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The release of endogenous molecules into the extracellular space as a result of damage to host cells triggers a signal to alert neighboring cells of danger. The original “zigzag model” does not take into account any damage-associated molecular patterns (DAMPs), which indeed play an important role in inducing or amplifying host immune responses [9]. Nowadays, endogenous plant signaling peptides have attracted special interest. These peptides are derived from functional and nonfunctional precursor proteins and can trigger antiherbivore or antimicrobial defense pathways. Systemin, the hydroxyproline-rich systemin and plant elicitor peptides (PEPs) are the best studied plant peptide DAMPS [10]. Such plant immune peptides have recently been called phytocytokines because they have many similarities to metazoan cytokines [11]. These peptides are effective at low concentrations, are absorbed by specific receptors, and are mainly derived from inactive protein precursors upon injury or pathogen infection. Their precursors are usually small proteins with no known functions. For example, AtPEP1 is derived from a 92 amino acid protein precursor [ 12 ]. The exact mechanism of Pep1 release was unknown until a recent study by Hander et al., which described a mechanism involving calcium-induced activation of metacaspase-4. Conserved AtPEP1 has been shown to be released from its cytoplasmic precursor PROPEP1 upon wounding by metacaspase-4 (MC-4), which is activated by calcium influx into the damaged cell. Under normal conditions, MC4 is inactive in the cytosol and the protein precursor PROPEP1 is attached to the vacuolar membrane. MC4-mediated processing of PROPEP1 occurs in leaves, but not in roots [13]. As there are nine metacaspase genes and eight PROPEPs in Arabidopsis, this suggests complex protease networks involved in peptide DAMP signaling. Moreover, metacaspases are only involved in the release of PROPEP family peptides. An extracellular metacapse-9 cleaves from its precursor a bioactive peptide GRI (GRIM REAPER), which plays an important role in cell death in Arabidopsis [ 14 ]. In addition to metacaspases, other types of proteases are involved in the release of peptide DAMPs. A recent study revealed a novel type of peptide DAMP in cells of Zea mays, immune signaling peptide 1 (Zip1). It is produced by papain-like proteases (PLCPs) after salicylic acid (SA) treatment. Zip1 only stimulates the transcription of SA-responsive genes [15]. Despite the examples mentioned above, the plant proteases involved in the release of plant peptide DAMPs have not yet been elucidated.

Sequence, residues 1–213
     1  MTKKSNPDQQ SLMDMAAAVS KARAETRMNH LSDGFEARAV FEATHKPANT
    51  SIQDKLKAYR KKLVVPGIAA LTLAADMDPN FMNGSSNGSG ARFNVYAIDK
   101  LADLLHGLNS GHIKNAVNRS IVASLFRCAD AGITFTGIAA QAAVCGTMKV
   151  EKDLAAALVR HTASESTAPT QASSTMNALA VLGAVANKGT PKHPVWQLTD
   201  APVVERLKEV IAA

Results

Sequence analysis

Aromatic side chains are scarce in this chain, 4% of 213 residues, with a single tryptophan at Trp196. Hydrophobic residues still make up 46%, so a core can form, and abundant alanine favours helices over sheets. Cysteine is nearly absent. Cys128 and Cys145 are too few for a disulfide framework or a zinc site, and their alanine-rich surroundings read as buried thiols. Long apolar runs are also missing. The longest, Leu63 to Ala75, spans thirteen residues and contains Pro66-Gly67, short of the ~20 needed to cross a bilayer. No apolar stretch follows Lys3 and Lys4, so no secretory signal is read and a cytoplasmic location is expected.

Phytocytokines interact with receptor complexes and transmit their signals downstream. Membrane-localized leucine-rich repeat receptor-like kinases (LRR-RLKs) have been shown to play a key role in environmental stress responses, as they are involved in the perception of highly secreted peptides. For example, in rice, maize and Arabidopsis thaliana , PEPs transduce their signals by binding to the plant elicitor peptide receptor (PEPR) LRR receptor kinases (RK) — PEPR1 and PEPR2 [ 12 , 16 ]. Both receptors cooperate with the co-receptor BRI1-associated kinase 1 (BAK1), which is also involved in developmental regulation through interaction with the plant brassinosteroid receptor BRI [ 17 ]. The DAMP is an 18 amino acid peptide, systemin, which is recognized by distinct LRR-RKs—SYR1 and SYR2 [ 18 , 19 ]. This pair of receptors triggers an intracellular signaling cascade: depolarization of the plasma membrane, an increase in Ca influx

, activation of MAP kinase and phospholipase A2 activities [20]. In vitro studies have shown that systemin is released from its precursors by subtilisin-like phytospacers [21]; However, there is no such evidence in vivo.

Precursors of hydroxyproline-rich glycopeptide systems (Hypsis), which represent another family of defense signal peptides, undergo hydroxylation and glycosylation of prolines and are processed by the secretory pathway [22]. This suggests that post-translational modification of immune peptides plays an important role in plant defense response. Some antimicrobial, insecticidal and quorum sensing peptides are known to belong to the group of ribosomally synthesized and post-translationally modified peptides (RiPPs). their propeptides